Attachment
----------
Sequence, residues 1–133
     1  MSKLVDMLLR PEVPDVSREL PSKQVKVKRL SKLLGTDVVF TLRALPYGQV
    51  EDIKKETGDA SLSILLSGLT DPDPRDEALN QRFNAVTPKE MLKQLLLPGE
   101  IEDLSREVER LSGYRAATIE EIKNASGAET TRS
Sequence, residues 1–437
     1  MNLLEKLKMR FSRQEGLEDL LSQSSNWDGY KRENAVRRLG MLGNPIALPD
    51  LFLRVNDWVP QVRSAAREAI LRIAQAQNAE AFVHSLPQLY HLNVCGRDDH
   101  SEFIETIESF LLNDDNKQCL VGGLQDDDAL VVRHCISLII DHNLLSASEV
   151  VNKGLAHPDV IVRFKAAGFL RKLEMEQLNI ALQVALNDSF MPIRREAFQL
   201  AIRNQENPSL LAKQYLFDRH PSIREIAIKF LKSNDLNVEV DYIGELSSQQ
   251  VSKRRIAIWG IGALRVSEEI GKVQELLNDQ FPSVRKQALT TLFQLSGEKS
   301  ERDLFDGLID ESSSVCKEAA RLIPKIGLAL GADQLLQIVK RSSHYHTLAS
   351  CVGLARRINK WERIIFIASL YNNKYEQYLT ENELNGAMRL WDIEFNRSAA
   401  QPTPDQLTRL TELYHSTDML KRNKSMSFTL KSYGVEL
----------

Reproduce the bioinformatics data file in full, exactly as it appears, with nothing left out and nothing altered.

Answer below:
Sequence, residues 1–133
     1  MSKLVDMLLR PEVPDVSREL PSKQVKVKRL SKLLGTDVVF TLRALPYGQV
    51  EDIKKETGDA SLSILLSGLT DPDPRDEALN QRFNAVTPKE MLKQLLLPGE
   101  IEDLSREVER LSGYRAATIE EIKNASGAET TRS
Sequence, residues 1–437
     1  MNLLEKLKMR FSRQEGLEDL LSQSSNWDGY KRENAVRRLG MLGNPIALPD
    51  LFLRVNDWVP QVRSAAREAI LRIAQAQNAE AFVHSLPQLY HLNVCGRDDH
   101  SEFIETIESF LLNDDNKQCL VGGLQDDDAL VVRHCISLII DHNLLSASEV
   151  VNKGLAHPDV IVRFKAAGFL RKLEMEQLNI ALQVALNDSF MPIRREAFQL
   201  AIRNQENPSL LAKQYLFDRH PSIREIAIKF LKSNDLNVEV DYIGELSSQQ
   251  VSKRRIAIWG IGALRVSEEI GKVQELLNDQ FPSVRKQALT TLFQLSGEKS
   301  ERDLFDGLID ESSSVCKEAA RLIPKIGLAL GADQLLQIVK RSSHYHTLAS
   351  CVGLARRINK WERIIFIASL YNNKYEQYLT ENELNGAMRL WDIEFNRSAA
   401  QPTPDQLTRL TELYHSTDML KRNKSMSFTL KSYGVEL